Sandra Bekhor, Toronto

For more reading on website design, see these past articles on SlawTips:

Also, see the following articles by Sandra Bekhor at Toronto Marketing Blog:

 

Begin your journey towards intentional organization™ with the first thing Master Virtual Assistant AndreaCan counsels her clients:

The first thing I teach to stressed out lawyers is to write things down. Not on post its or various yellow pads – in the same spot. Get a notebook, I recommend and use a Moleskin … cuz if it was good enough for Hemingway – seriously, because it is small enough to be portable yet large enough to be useful.

Every morning, I open to a new page, date it and use that page to capture any of the things I need to write down that day – things to do, notes from calls, numbers, names, etc. All that goes on the right hand side of the new page.  On the left hand side is where I leave space for what I term more free flowing thoughts – the navigational trees, bubble maps and brain dumps.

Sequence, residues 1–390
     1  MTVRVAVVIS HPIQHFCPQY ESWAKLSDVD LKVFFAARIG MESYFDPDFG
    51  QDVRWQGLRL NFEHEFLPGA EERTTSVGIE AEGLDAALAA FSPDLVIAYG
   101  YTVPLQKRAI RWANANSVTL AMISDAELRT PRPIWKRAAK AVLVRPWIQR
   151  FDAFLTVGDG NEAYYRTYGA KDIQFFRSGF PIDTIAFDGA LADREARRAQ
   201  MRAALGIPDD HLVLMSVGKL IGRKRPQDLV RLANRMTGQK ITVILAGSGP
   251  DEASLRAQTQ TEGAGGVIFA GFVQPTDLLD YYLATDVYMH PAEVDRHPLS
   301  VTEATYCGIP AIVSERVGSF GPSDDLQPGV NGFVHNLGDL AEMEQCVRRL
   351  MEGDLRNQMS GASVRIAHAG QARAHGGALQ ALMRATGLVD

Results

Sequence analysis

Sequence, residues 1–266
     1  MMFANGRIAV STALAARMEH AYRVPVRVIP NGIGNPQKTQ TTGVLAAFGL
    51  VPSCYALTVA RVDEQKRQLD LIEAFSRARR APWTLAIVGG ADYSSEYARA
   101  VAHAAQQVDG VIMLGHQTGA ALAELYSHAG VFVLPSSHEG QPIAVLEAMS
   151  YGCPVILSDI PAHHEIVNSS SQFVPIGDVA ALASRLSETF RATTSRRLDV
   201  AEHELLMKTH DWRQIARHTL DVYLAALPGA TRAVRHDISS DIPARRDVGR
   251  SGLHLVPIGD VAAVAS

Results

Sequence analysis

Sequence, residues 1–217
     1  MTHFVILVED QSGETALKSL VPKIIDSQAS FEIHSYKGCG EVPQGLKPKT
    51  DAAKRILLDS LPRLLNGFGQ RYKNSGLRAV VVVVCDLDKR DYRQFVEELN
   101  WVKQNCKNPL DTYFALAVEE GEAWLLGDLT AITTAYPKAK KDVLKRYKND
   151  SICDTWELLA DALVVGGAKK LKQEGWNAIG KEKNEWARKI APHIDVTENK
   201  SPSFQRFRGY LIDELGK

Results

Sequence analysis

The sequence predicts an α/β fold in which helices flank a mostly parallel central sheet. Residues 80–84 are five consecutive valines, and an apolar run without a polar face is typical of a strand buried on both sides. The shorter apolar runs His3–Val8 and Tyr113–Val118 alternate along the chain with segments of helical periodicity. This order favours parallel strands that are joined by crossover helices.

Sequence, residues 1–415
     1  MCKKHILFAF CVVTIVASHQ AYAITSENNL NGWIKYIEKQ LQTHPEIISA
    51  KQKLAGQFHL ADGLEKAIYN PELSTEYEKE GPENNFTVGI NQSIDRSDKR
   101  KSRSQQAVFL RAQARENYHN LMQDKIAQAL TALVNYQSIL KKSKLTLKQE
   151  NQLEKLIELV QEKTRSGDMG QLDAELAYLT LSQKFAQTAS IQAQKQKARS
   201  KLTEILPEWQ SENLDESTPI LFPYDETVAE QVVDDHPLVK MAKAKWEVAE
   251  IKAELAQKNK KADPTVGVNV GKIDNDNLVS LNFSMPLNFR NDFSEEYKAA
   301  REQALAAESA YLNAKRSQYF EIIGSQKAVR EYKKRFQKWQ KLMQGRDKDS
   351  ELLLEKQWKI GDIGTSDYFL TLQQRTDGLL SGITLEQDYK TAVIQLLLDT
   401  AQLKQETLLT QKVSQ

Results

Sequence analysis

At the end of the day, I take a few minutes to transfer anything that needs to go digital and I put a check mark through each item as I do.  Now I can instantly see what is also digital but I’m careful not to obscure the information on the page <- you’d be surprised how many times you’ll use the book vs. searching digitally for information!

On the off chance I lose my notebook – I make a digital record by taking snapshots of each page and loading them to Evernote. That said, I have yet to lose one. In fact, I go through them all towards the end of each year – partly for fun and partly to help me work through the next year’s focus re: marketing, events and promotions.

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To learn more about Andrea’s ways to calm the crazy, enter your email at the bottom of: